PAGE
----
An ovarian neoplasm is a growth in women that begins in the cells that form eggs, line the ovaries, or release ovarian hormones, and can be benign or cancer-causing. Ovarian neoplasms can develop at any age; however, women aged 50 years old or older are most at-risk. There are many risk factors for ovarian neoplasm development, including never being pregnant, being Caucasian or of Ashkenazi Jewish descent, being over 50 years old, having a family history of breast, ovarian, uterine, prostate, or colon cancer, having previously had breast cancer, having high estrogen exposure, or having a genetic mutation in the BRCA1 or BRCA2 genes. These mutations are commonly signs of breast cancer susceptibility, but are linked to ovarian cancer as well.
Symptoms of an ovarian neoplasm include indigestion, bloating, cramping, abdominal/lower back pain, frequent urination, abdominal pain/swelling, vaginal bleeding post-menopause, and sudden weight changes. Ovarian neoplasms, if cancerous, are usually diagnosed once the cancer has spread throughout the pelvis and abdomen. However, early diagnosis and treatment may greatly improve possible outcomes, so being aware of early symptoms is recommended.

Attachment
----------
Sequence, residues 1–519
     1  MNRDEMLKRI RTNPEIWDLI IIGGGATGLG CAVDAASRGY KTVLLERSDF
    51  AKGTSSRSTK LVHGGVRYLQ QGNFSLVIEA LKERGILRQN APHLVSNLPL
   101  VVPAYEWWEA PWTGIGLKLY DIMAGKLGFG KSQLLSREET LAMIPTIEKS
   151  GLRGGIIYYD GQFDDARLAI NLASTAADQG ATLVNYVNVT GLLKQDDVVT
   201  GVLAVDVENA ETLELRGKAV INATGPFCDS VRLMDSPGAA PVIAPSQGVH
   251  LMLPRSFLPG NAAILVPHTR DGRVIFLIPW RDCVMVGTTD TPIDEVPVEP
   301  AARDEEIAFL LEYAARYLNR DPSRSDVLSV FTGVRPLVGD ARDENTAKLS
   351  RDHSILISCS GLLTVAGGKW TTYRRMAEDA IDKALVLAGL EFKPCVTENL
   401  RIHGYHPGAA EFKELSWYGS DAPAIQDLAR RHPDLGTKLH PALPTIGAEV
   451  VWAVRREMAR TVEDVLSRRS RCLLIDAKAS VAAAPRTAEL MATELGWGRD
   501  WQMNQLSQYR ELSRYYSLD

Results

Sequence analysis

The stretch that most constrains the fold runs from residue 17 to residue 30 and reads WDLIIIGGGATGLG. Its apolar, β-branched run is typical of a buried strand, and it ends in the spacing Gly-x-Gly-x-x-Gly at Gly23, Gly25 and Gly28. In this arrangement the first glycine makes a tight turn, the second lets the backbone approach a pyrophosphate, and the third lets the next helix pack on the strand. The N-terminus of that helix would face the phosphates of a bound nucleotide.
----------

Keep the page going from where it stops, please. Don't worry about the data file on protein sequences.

Ovarian neoplasms are usually detected during routine pelvic exams and can be confirmed with ultrasounds and CT scans of the abdomen or pelvis. A blood test may also be done to test for levels of protein CA-125, which is produced by some ovarian cancerous neoplasms. Treatment may include surgery to remove the cancer, though sometimes, the affected ovary/ovaries may be removed as well to prevent more cancerous neoplasms. Chemotherapy may also be an option if the cancer has spread.
If you or a family member has been diagnosed with an ovarian neoplasm, speak with your doctor about the most current treatment options. Support groups may also be available for further resources and information.
Description Last Updated: Aug 22, 2018